Delegation to Encourage Communication of Problems
AAA Management Accounting Section 2006 Meeting Paper
36 Pages Posted: 17 Nov 2005
Date Written: November 14, 2005
We consider a principal-agent model where the agent is hired to take an action on behalf of the principal. The agent can exert costly effort to learn the true state of the world. If he fails to discover the state, he can end an inquiry to the principal who then can exert (additional) costly effort to learn the state of the world. If the true state is unknown, the principal's preferred action may be different from the agent's. In other words, the principal and the agent have different preferences over Type I and Type II errors. Knowing this, the agent, when uninformed, may decide not to report a problem if the principal is unlikely to select a correct action. The principal, in anticipation of the possibility of no inquiry, can provide an incentive for the agent to send an inquiry by allowing the agent to ignore the principal's recommendation. We label this organizational arrangement delegation. Alternatively, the principal can choose centralization - an arrangement where the principal's recommendation, if issued, is always binding. We demonstrate that the principal may choose centralization for two reasons: (i) to exercise better control over the agent's actions when the agent finds it optimal to send an inquiry, and (ii) to dissuade the agent from sending an inquiry altogether when, by doing so, she provides a stronger incentive for the agent to exert high effort. Delegation emerges in equilibrium only if the costs of effort for both the principal and the agent are sufficiently high and occurs less often as the principal's and agent's preferences become better aligned. Further, the agent's information acquisition effort under delegation is always lower than under centralization.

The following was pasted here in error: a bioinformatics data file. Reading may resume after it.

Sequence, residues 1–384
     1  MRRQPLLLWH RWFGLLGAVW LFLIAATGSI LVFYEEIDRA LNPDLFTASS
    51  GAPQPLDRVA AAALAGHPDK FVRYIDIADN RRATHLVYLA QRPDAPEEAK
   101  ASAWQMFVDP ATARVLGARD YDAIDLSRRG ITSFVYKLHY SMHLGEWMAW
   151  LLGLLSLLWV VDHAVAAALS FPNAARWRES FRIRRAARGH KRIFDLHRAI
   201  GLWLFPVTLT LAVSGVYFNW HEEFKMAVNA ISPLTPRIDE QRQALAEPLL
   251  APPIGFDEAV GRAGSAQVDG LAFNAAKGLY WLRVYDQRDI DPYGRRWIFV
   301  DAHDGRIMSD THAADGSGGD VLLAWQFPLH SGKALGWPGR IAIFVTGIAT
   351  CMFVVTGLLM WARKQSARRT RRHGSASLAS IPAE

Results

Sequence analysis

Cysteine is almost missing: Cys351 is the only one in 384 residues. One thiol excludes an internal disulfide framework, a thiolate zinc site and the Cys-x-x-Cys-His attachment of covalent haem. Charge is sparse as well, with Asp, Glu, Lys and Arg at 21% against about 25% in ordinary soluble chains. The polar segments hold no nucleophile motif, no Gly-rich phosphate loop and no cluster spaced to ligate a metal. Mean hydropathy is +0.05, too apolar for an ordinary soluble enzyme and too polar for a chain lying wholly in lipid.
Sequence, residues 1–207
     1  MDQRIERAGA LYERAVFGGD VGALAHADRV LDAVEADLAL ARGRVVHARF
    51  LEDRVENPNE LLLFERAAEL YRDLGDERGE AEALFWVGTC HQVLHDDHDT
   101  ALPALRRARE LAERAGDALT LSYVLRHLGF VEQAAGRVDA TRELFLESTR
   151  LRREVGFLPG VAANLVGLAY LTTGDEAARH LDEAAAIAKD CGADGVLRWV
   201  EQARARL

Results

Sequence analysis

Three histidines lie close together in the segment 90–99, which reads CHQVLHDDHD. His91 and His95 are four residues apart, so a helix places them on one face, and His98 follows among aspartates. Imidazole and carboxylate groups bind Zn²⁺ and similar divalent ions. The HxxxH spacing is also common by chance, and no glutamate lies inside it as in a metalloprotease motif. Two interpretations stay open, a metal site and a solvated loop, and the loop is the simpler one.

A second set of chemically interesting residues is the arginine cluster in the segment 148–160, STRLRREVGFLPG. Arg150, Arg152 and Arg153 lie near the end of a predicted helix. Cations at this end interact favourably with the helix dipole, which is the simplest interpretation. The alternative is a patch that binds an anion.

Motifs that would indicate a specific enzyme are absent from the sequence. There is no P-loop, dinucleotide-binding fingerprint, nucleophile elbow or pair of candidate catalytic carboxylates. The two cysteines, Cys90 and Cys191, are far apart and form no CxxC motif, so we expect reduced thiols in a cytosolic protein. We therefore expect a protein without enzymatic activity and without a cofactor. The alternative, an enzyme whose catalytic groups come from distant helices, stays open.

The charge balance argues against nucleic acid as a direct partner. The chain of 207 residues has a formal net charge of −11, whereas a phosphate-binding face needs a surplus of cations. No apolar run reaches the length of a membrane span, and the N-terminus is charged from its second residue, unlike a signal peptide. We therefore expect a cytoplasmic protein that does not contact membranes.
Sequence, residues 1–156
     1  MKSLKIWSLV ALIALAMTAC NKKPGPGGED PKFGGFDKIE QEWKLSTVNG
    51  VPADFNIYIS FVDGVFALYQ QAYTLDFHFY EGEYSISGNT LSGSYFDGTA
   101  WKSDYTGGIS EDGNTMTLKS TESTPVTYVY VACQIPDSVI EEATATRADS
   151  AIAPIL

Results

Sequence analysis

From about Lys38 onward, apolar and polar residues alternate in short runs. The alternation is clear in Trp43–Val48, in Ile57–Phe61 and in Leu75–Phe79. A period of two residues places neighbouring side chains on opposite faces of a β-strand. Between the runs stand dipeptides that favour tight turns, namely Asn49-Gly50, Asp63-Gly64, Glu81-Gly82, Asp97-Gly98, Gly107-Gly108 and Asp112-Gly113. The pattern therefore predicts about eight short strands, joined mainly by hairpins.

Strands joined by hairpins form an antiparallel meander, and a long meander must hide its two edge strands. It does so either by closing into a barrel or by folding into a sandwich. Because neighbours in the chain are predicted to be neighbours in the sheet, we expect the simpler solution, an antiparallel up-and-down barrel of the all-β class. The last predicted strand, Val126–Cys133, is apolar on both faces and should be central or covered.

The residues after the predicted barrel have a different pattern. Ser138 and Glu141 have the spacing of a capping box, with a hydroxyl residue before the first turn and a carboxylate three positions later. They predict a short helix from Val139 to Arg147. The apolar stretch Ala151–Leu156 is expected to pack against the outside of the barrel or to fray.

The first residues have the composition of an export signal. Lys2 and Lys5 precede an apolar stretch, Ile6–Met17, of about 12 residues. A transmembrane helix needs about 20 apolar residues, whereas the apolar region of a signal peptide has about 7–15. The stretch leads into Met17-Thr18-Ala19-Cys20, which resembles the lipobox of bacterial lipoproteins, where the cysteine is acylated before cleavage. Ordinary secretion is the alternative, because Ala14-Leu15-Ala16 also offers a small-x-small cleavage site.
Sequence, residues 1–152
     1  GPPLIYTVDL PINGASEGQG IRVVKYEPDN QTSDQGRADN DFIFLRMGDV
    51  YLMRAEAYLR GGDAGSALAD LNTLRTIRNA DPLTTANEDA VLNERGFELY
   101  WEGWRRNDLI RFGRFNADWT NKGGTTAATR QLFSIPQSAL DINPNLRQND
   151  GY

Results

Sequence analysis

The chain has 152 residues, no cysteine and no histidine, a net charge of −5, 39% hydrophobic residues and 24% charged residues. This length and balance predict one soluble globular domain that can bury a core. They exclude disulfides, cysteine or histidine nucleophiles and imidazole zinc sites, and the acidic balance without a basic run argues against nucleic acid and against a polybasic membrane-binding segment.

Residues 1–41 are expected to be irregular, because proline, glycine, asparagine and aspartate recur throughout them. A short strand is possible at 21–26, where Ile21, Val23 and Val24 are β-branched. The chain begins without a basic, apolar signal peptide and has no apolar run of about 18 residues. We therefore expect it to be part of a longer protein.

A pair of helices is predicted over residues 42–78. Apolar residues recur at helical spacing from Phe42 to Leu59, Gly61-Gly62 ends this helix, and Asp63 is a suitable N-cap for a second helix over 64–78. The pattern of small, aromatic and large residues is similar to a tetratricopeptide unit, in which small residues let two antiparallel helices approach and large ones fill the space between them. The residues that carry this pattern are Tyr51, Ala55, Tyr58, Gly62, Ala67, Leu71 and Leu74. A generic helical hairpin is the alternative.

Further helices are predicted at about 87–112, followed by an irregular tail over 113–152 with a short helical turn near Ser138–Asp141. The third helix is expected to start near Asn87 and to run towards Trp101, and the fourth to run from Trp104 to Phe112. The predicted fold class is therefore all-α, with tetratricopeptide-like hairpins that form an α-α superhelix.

Keywords: delegation, communication
JEL Classification: D82, L20, M40, M46
Suggested Citation: Suggested Citation